In 2013, the University administration and key donors proposed to create a ‘leadership college.’ The purpose of this college was to provide an intensive leadership program for 144 select undergraduate students. Immediately, the project was opposed by the Students’ Union as elitist and unnecessary, especially in a year that saw tuition go up in order to cover a revenue shortfall.
I was on council then and actively opposed efforts to support this initiative. This opposition did not deter the administration and they continued rapidly changing the proposal. Nevertheless, the university was steadfast and pushed through. Eventually, they received the Student Union’s consent on the condition that the college would reach one third of students with intensive programming.
This has not happened.
Rather, the college has continued with their original proposal and have said that their target of reaching 10,000 students is an ‘aspiration.’ As it stands now, they have continued open public lectures and sponsored already existing leadership summits. While these initiatives are welcomed, this does not fulfill their goal of reaching 10,000 students.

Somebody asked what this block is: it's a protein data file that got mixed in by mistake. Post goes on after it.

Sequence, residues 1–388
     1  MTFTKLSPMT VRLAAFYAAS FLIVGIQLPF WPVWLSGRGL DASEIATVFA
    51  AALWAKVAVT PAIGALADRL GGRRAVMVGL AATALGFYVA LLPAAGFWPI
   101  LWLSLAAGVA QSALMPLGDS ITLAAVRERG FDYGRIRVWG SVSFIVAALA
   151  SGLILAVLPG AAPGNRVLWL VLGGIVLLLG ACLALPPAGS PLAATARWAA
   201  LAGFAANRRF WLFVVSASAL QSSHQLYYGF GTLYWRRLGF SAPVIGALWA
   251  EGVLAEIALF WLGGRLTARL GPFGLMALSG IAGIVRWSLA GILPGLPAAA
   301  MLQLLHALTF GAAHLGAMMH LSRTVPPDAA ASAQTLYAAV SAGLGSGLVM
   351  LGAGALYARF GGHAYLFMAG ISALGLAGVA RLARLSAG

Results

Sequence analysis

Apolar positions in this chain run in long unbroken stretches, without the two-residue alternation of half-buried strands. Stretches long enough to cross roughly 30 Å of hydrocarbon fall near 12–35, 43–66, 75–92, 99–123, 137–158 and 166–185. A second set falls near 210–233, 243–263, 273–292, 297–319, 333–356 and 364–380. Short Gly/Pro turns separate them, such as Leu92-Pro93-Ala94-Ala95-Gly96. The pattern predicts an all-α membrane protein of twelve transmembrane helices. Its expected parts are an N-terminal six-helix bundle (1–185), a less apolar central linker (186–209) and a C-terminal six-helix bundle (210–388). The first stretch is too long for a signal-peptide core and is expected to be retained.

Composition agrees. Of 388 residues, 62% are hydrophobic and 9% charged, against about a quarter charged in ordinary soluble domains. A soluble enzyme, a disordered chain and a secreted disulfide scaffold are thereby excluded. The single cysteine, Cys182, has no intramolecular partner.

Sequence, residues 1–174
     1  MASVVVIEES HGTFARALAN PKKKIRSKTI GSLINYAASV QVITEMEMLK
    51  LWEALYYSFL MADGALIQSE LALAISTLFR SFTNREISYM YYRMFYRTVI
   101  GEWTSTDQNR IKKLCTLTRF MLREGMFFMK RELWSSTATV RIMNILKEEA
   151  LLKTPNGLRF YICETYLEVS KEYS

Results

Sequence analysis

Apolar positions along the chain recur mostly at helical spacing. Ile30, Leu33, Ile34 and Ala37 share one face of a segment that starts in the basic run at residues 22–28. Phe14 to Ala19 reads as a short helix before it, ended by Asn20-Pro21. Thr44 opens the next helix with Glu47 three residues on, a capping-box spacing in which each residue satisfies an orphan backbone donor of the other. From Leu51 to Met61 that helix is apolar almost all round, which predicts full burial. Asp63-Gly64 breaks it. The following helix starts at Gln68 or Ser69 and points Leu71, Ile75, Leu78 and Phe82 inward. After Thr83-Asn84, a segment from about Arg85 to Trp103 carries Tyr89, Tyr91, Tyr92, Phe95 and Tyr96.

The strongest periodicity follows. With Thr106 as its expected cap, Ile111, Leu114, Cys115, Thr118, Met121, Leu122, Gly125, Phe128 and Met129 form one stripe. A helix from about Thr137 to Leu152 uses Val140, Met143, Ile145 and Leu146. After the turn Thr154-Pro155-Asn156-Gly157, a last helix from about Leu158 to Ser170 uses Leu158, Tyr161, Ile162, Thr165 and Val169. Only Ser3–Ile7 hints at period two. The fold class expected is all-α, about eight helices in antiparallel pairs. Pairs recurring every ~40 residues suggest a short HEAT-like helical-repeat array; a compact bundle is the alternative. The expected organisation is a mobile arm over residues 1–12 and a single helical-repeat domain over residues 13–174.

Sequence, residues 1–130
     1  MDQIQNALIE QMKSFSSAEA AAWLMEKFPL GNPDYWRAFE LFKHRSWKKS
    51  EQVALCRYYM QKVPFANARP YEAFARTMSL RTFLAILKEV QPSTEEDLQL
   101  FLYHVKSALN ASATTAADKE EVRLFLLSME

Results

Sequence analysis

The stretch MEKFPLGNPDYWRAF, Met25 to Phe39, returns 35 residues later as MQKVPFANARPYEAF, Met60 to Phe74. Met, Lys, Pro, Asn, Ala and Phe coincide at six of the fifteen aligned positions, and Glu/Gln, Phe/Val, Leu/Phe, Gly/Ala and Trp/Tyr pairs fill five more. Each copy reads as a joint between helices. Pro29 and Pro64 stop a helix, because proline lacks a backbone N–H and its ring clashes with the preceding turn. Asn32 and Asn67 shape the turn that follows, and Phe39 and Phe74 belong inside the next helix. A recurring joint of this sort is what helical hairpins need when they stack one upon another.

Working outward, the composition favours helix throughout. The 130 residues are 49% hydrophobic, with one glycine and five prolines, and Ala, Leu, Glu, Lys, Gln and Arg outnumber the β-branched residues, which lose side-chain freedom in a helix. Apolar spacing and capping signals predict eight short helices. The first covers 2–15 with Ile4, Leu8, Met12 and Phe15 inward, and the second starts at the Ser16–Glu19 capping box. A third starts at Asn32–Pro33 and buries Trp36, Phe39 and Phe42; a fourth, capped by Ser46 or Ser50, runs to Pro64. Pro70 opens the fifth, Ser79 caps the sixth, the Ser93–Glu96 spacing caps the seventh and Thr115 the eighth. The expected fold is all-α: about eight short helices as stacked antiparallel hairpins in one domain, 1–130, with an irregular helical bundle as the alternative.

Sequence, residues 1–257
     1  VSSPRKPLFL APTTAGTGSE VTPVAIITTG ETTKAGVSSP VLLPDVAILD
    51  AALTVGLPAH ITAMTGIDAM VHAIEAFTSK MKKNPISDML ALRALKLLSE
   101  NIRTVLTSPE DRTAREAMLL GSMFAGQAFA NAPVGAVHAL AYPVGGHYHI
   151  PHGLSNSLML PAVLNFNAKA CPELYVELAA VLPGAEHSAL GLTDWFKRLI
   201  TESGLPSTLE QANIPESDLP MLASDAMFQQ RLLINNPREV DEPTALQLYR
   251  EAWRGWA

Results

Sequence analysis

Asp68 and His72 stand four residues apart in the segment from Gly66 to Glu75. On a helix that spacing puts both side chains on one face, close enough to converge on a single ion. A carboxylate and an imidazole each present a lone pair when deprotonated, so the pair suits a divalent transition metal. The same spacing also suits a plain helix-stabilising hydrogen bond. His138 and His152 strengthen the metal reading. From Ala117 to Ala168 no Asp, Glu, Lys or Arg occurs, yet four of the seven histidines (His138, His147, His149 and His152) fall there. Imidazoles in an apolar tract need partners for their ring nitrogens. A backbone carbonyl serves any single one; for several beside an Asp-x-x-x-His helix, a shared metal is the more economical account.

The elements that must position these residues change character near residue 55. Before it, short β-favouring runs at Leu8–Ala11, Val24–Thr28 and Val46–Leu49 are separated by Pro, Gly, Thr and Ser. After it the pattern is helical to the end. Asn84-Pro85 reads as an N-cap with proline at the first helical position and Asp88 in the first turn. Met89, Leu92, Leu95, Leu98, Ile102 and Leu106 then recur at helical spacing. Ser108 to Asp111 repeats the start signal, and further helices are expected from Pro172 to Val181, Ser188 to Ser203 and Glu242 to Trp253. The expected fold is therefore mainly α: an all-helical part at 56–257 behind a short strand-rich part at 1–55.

In addition, the college has consistently been unable to reach their targets of enrolling 144 students. Nor have they came remotely close to engaging a majority of campus. This is despite their high levels of funding and focused attention from university administration. In short, the project has been mismanaged and continues to benefit a small number of students.
Before I continue, let me be clear that I am not criticizing the students in the program. Allocating millions of dollars to a few students would easily enrich their experience. Rather, I am criticizing the way it was implemented. To illustrate this, one might apply the university's own model to compare the average cost of education for a regular student compared to a student at the leadership college.
*Note that 125 students is a vision for the leadership college, but only 70 students applied for enrolment in the first year of operation.
Advocate for increased funding to already existing leadership programs so that they benefit at least 10,000 existing students.
Initiatives include: conference funding, undergraduate research initiative, study abroad, and other university programs.